Page:Collodi - The Story of a Puppet, translation Murray, 1892.djvu/51

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'Will you buy my shoes?'

'They would only be of use to light the fire.'

'How much will you give me for my cap?'

'That would be a wonderful acquisition indeed! A cap of bread crumb! There would be a risk of the mice coming to eat it whilst it was on my head.'

Pinocchio was on thorns. He was on the point of making another offer, but he had not the courage. He hesitated, felt irresolute and remorseful. At last he said:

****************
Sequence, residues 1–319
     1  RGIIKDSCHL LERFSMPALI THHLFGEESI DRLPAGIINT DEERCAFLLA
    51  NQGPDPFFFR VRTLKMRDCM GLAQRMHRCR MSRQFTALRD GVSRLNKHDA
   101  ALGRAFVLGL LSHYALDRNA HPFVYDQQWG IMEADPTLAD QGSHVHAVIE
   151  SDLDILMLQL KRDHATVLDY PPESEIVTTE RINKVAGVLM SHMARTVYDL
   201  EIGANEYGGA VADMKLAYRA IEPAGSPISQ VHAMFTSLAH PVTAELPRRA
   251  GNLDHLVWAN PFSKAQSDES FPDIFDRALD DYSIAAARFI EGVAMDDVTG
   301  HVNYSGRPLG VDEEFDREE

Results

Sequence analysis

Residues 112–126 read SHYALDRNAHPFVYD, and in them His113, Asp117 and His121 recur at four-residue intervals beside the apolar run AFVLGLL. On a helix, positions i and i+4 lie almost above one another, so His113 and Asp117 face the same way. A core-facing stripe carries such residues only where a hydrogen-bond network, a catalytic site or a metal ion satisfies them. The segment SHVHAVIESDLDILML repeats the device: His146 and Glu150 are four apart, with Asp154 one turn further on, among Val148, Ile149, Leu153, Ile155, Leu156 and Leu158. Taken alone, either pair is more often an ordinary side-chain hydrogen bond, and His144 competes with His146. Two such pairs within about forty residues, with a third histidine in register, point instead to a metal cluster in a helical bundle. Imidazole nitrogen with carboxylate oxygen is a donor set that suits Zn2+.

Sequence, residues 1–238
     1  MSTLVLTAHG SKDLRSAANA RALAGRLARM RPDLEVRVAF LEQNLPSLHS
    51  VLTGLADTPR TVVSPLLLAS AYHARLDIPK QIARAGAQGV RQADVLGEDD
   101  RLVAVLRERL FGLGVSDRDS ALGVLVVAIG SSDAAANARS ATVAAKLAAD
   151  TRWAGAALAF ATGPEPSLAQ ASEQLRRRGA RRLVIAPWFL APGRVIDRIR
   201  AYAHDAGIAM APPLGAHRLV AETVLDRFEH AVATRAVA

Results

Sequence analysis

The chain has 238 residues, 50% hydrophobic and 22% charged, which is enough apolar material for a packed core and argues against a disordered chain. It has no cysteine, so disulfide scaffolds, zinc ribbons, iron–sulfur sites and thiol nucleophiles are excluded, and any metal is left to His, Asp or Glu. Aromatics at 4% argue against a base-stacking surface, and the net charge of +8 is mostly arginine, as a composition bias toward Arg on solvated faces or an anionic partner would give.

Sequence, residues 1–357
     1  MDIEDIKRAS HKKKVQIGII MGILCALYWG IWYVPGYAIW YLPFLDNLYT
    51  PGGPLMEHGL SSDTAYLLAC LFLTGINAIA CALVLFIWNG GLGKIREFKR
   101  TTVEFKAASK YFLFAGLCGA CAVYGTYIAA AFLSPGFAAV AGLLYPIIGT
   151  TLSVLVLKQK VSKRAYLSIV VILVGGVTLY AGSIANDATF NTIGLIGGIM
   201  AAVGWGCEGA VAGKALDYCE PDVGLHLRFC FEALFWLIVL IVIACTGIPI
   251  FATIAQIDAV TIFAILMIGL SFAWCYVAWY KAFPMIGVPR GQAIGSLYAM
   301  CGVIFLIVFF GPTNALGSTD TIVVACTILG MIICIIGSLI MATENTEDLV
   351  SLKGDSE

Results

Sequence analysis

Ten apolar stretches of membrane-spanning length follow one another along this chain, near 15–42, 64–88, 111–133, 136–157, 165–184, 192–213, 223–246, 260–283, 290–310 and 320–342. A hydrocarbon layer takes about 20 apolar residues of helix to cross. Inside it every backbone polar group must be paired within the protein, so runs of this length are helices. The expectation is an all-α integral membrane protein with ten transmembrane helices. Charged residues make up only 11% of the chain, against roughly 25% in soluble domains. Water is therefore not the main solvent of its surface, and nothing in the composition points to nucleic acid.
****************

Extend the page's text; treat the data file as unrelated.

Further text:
'Will you give me twopence for this new Spelling-book?'

'I am a boy and I don't buy from boys, replied his little interlocutor, who had much more sense than he had.

'I will buy the Spelling-book for twopence,' called out a hawker of old clothes, who had been listening to the conversation.

And the book was sold there and then. And to think that poor Geppetto had remained at home trembling with cold in his shirt sleeves, that he might buy his son a Spelling-book!